Could it be that God was proud of their choice, even as His own rules required banishing them to this world? Personally, I think so.
2 Nephi 2:11
For it must needs be, that there is an opposition in all things. If not so, my firstborn in the wilderness, righteousness could not be brought to pass, neither wickedness, neither holiness nor misery, neither good nor bad. Wherefore, all things must needs be a compound in one; wherefore, if it should be one body it must needs remain as dead, having no life neither death, nor corruption nor incorruption, happiness nor misery, neither sense nor insensibility.
For it must needs be, that there is an opposition in all things
Life without contrast would be meaningless. If there were not two separate states then one would not require any action to reach the desired state, they would already be there. If there were two separate states, but no medium of resistance between them, then one would not require any effort to reach the desired state, they would transition freely.
Doing good would be meaningless, if good was the only option. Doing good would also meaningless, if evil existed, but there was no temptation to perform it. We call someone’s actions good because of how they overcome the opposition to do that good.
Having no life neither death, nor corruption nor incorruption, happiness nor misery, neither sense nor insensibility
Adam and Eve may have had the perfect paradise in Eden, but could they possibly have realized such? Could they be grateful for health and comfort having never experienced sickness or pain? Could they be happy having never felt sorrowful? Was giving birth to children even an option when there wasn’t a possibility for death at the other end of the spectrum?
God does want us to be innocent, but can we say He wants us to be ignorant?
In the Garden of Eden everything was clean, but it meant nothing because filthiness wasn’t an option. Again, if all God wanted was cleanliness, all He had to do was not plant a Tree of Knowledge of Good and Evil. But He did, and through that filthiness entered the world, and now being restored to cleanliness requires a difficult path of repentance on our part and the sacrifice of God’s Son. Wouldn’t this suggest that the difficult path was His intention for us? That the value is in the struggle?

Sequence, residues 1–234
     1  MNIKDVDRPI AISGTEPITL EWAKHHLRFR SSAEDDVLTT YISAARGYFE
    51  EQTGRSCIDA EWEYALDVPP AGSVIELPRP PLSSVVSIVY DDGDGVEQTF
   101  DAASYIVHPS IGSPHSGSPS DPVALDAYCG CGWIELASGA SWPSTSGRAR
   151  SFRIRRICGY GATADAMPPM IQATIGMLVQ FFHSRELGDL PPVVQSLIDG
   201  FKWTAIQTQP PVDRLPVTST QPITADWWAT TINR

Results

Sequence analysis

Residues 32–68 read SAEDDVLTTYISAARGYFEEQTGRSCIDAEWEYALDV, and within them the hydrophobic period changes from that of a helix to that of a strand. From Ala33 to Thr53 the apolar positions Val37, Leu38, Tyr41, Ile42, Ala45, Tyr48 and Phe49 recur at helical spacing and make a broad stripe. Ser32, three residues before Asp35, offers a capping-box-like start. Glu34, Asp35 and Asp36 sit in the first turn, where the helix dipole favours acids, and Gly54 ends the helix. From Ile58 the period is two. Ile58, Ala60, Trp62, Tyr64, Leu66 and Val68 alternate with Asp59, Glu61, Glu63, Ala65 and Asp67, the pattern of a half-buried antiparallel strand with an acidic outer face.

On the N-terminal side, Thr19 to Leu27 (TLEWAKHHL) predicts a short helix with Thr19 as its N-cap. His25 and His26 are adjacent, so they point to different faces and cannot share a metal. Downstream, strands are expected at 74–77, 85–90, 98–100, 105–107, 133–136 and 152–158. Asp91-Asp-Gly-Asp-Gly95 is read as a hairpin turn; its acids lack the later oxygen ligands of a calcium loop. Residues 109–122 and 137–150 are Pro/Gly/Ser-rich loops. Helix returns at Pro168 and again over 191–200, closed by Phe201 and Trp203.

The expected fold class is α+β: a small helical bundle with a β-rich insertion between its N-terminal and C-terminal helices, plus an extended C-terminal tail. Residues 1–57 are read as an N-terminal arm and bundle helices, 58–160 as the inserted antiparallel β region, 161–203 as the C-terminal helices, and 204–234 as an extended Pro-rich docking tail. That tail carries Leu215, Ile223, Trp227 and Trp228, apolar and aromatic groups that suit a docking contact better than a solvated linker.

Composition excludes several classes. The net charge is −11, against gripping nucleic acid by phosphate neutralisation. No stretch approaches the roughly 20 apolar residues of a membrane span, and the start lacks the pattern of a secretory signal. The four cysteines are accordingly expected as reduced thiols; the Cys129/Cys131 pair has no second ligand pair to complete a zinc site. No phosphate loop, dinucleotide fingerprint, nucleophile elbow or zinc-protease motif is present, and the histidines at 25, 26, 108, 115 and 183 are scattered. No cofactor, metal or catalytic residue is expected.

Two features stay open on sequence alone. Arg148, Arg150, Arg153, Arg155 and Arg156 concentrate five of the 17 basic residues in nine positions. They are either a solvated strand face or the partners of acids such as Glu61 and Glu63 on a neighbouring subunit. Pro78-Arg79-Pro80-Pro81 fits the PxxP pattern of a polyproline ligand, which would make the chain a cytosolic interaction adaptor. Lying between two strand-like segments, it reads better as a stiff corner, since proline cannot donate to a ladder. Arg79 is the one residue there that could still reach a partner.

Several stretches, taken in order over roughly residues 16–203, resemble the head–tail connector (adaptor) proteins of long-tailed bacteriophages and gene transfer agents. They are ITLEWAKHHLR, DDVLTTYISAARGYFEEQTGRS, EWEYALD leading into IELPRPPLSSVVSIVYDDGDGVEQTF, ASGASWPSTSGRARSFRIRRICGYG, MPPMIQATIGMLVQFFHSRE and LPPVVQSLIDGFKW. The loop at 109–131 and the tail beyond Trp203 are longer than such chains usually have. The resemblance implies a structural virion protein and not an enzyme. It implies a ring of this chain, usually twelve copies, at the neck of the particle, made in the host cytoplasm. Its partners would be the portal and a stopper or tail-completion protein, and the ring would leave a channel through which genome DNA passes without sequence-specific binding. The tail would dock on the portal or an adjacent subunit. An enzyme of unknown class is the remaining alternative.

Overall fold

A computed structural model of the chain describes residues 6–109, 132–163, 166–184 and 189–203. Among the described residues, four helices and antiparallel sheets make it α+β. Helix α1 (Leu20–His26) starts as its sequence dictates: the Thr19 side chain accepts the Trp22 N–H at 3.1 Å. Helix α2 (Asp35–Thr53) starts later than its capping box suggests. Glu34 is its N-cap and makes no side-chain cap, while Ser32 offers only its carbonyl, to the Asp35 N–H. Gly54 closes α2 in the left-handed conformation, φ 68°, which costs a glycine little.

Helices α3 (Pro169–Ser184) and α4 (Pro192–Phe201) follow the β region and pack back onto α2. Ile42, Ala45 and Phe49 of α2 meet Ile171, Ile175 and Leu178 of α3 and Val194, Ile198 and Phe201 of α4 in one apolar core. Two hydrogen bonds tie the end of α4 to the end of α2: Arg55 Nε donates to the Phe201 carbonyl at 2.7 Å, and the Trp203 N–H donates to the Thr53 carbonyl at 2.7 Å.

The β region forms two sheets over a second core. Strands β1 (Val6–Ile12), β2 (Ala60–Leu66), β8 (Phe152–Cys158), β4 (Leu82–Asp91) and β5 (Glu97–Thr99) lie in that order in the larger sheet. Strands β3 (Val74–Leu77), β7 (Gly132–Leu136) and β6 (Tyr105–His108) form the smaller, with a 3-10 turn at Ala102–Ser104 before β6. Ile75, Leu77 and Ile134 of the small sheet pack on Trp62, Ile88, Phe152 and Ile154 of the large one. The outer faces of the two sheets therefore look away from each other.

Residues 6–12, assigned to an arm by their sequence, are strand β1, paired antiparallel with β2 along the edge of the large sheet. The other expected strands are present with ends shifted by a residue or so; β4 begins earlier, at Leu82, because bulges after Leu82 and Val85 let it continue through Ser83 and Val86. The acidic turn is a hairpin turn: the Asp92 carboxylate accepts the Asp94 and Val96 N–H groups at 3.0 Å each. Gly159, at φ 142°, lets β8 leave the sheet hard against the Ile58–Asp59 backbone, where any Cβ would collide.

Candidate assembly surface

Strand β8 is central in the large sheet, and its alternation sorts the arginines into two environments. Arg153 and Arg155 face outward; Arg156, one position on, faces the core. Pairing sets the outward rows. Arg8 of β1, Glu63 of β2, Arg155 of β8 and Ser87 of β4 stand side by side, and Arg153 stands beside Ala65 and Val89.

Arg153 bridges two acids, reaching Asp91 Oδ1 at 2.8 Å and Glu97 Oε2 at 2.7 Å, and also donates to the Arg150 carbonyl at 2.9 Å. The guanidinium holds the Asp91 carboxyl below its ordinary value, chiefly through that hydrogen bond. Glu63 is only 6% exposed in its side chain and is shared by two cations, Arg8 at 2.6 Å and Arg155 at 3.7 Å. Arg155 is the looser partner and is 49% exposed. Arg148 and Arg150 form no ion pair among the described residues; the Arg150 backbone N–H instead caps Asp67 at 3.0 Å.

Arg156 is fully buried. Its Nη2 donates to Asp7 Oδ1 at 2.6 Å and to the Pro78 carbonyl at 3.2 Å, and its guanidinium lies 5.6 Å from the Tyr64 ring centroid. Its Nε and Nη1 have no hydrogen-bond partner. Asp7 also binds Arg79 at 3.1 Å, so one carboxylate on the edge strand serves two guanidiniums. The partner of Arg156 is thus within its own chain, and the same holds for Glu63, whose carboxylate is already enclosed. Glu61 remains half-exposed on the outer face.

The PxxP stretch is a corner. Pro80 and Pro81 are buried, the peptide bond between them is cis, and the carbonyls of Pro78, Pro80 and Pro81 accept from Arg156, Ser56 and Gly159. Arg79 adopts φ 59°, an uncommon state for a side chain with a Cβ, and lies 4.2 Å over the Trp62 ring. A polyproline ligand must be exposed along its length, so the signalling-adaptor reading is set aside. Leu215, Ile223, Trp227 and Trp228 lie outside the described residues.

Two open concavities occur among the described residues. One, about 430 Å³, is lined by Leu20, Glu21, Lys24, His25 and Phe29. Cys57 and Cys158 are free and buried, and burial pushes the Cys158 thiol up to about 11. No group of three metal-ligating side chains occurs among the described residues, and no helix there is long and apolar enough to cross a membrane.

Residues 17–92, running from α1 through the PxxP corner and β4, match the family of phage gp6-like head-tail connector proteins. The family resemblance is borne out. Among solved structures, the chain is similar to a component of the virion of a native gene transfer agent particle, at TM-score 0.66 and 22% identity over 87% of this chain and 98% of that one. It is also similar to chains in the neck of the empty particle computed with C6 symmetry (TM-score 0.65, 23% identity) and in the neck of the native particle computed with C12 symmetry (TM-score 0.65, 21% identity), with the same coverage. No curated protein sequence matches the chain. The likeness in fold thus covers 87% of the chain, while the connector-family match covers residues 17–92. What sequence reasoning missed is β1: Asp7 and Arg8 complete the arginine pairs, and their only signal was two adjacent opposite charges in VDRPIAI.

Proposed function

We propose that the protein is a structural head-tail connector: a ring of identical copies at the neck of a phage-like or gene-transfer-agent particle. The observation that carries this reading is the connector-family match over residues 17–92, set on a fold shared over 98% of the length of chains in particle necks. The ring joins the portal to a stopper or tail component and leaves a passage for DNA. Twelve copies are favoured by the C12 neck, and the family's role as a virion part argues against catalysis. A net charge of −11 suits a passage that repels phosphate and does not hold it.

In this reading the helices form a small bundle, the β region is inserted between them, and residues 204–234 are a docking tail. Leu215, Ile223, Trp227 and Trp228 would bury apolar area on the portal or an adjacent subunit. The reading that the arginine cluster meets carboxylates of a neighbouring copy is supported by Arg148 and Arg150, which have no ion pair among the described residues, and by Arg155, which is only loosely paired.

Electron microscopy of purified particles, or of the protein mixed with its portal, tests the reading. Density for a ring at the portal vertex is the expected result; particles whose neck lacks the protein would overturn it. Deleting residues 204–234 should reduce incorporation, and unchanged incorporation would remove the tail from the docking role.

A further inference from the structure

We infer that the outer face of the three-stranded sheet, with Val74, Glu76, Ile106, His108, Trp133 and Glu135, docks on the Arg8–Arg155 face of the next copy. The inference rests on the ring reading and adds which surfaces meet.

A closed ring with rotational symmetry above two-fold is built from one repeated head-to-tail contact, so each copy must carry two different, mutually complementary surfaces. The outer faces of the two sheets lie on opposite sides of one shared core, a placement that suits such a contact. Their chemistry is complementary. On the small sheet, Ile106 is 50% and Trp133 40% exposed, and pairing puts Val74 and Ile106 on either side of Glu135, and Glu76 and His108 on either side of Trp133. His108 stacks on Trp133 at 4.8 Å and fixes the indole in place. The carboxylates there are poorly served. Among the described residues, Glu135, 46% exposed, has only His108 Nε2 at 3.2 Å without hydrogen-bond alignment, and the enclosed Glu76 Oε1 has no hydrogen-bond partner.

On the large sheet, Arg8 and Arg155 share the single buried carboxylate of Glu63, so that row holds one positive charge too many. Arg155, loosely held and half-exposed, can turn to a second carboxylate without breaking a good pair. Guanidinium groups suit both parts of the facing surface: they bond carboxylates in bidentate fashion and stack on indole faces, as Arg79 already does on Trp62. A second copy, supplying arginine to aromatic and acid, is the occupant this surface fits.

2 Nephi 2:22-25
And now, behold, if Adam had not transgressed he would not have fallen, but he would have remained in the garden of Eden. And all things which were created must have remained in the same state in which they were after they were created; and they must have remained forever, and had no end.
And they would have had no children; wherefore they would have remained in a state of innocence, having no joy, for they knew no misery; doing no good, for they knew no sin.
But behold, all things have been done in the wisdom of him who knoweth all things.
Adam fell that men might be; and men are, that they might have joy.
Having no joy, for they knew no misery; doing no good, for they knew no sin
It is true that one cannot see in pitch darkness. But also one cannot see in blinding light. Vision only works by varying degrees of contrast between the two. Damnation can be living in a state of suffering, but it can also be living in a state of complete numbness. At its root damnation means simply to never progress, and one cannot progress if there do not exist both forces and opposite forces. It is only in the interplay of these contrasting forces that an entity is able to move, to turn, to reach a destination.
Adam fell that men might be; and men are, that they might have joy
All things have been done in the wisdom of him who knoweth all things
If Adam fell to allow our existence, and our existence is to come to God and find everlasting joy, then Adam fell for our everlasting joy. This suggests that this world of good and evil was always part of the plan. Personally that brings me a great deal of comfort. It means that the path of humanity never wandered outside of God’s agenda.